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March 3, 2011

Public Payroll Watch

Tim Hoefer

Governor Cuomo proposed a cap on Superintendent salaries earlier this week, but as it relates to bringing school district spending down, it’s the equivalent of trying to chop down a tree with nail clippers.

Take, for example, the Rochester City School District, which is facing an $82 million budget gap this year. While the 2011-12 proposed budget hasn’t been released, the 2010-11 final budget has $694 million in spending, so if spending remains flat, the district has to make up or cut an astounding 12 percent of its budget.

According to his contract, Superintendent Jean-Claude Brizard’s salary is $235,000.  If the cap were enacted and Bizard’s contract ended this year, he’d be in line for a $60,000 pay cut.  Probably substantial for him, but just peanuts for the district.  That $60,000 represents just .07 percent of this year’s projected gap. (School labor contracts and earning data, including Bizard’s, are available on SeeThroughNY).

On the other hand, if the thousands of district teachers agreed to forego their 2.5 percent “step increment” raises, the district could cover more than $5 million of its projected budget gap. That’s over 6 percent of the gap – and $5 million worth of potential layoffs that could be avoided.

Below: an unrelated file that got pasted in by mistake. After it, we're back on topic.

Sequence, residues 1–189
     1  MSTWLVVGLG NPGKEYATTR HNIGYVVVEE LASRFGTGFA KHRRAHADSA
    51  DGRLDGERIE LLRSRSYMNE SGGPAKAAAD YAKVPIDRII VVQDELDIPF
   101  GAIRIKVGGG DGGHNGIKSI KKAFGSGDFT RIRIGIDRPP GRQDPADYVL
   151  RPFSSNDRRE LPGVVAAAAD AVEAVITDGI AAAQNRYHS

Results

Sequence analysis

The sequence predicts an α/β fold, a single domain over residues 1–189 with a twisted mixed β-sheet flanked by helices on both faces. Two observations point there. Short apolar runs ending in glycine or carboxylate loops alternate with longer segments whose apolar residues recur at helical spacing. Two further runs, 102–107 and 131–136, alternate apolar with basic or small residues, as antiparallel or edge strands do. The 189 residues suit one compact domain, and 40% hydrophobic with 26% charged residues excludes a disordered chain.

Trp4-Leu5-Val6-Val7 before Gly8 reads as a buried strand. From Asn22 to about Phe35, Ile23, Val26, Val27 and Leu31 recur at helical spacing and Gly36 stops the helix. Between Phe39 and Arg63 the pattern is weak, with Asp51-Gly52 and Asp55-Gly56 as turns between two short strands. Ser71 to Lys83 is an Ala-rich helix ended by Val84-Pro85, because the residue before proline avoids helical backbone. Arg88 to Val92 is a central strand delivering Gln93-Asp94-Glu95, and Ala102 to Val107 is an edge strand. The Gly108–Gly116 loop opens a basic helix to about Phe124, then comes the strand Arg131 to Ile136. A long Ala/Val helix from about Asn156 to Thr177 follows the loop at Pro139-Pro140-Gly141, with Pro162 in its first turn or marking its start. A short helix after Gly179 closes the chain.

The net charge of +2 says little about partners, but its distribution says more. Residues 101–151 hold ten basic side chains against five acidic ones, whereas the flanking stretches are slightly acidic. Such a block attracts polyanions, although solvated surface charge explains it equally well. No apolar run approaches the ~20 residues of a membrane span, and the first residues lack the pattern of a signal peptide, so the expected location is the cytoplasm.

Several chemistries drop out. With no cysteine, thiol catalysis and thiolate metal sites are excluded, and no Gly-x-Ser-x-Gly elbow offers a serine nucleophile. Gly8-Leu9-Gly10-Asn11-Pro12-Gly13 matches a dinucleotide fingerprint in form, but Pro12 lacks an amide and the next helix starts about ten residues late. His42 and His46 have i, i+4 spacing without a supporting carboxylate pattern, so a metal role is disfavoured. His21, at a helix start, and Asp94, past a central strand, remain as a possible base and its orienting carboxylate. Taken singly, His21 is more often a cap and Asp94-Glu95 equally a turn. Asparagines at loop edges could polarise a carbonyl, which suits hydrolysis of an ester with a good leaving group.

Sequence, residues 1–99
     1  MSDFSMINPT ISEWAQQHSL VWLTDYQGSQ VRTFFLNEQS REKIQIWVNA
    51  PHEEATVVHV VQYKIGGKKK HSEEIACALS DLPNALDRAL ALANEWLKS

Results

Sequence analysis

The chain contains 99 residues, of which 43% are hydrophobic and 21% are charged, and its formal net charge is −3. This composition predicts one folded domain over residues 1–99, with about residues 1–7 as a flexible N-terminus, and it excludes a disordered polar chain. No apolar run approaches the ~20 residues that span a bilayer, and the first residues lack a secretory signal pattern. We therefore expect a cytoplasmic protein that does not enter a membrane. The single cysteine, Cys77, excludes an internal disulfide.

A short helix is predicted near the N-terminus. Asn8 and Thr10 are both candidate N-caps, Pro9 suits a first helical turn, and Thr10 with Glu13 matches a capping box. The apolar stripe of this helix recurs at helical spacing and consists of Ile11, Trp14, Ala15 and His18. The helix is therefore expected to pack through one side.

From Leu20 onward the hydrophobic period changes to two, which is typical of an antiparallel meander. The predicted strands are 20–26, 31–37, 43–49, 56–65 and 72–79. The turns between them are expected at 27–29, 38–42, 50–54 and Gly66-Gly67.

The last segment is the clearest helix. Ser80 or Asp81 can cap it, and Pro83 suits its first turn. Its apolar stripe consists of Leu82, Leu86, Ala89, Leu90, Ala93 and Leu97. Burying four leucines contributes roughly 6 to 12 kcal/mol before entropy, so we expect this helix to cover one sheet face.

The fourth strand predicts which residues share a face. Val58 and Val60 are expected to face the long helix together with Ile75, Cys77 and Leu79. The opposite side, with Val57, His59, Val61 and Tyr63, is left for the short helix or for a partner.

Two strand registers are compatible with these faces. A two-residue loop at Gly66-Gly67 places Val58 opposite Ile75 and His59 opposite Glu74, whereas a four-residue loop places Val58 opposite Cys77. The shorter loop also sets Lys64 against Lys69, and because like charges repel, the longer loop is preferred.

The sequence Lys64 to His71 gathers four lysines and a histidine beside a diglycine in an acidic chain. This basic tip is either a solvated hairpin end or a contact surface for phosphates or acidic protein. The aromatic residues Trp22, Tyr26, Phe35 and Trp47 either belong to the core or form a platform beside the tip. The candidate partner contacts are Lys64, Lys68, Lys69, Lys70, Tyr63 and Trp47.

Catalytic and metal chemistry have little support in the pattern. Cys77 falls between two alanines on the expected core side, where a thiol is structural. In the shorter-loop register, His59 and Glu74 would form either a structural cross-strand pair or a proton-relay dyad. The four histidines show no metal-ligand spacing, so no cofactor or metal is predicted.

The teachers union hasn’t yet settled their contract that expired last year, which is likely OK by them considering a tanked economy and provisions of the Taylor Law that keep the raises coming.

So Cuomo’s proposal is one idea, it just isn’t enough or the right first step to get massive school budgets under control.  Cuomo should be urging school districts and unions to go back to the bargaining table, giving them a chainsaw … or at least an ax.


  1. Correct, it’s only .07% of the overall budget, but the fact that everyone is going to contribute to the total amount is much more significant. Look at the districts in the state where teachers have agreed to a pay freeze and their relationship with the Bd. of Ed and Superintendent where they too have taken a freeze. It’s not just one thing or the other, but the combined efforts of everyone. So yes, cap the superintendents, and forgo step increases and freeze salaries until the legislature can inact remeidal reforms on unions.

    Comment by Florence Alpert — March 3, 2011 @ 12:43 pm

  2. Amen! I couldnt have said it better.

    Comment by Kristina Kucker — March 4, 2011 @ 6:47 am

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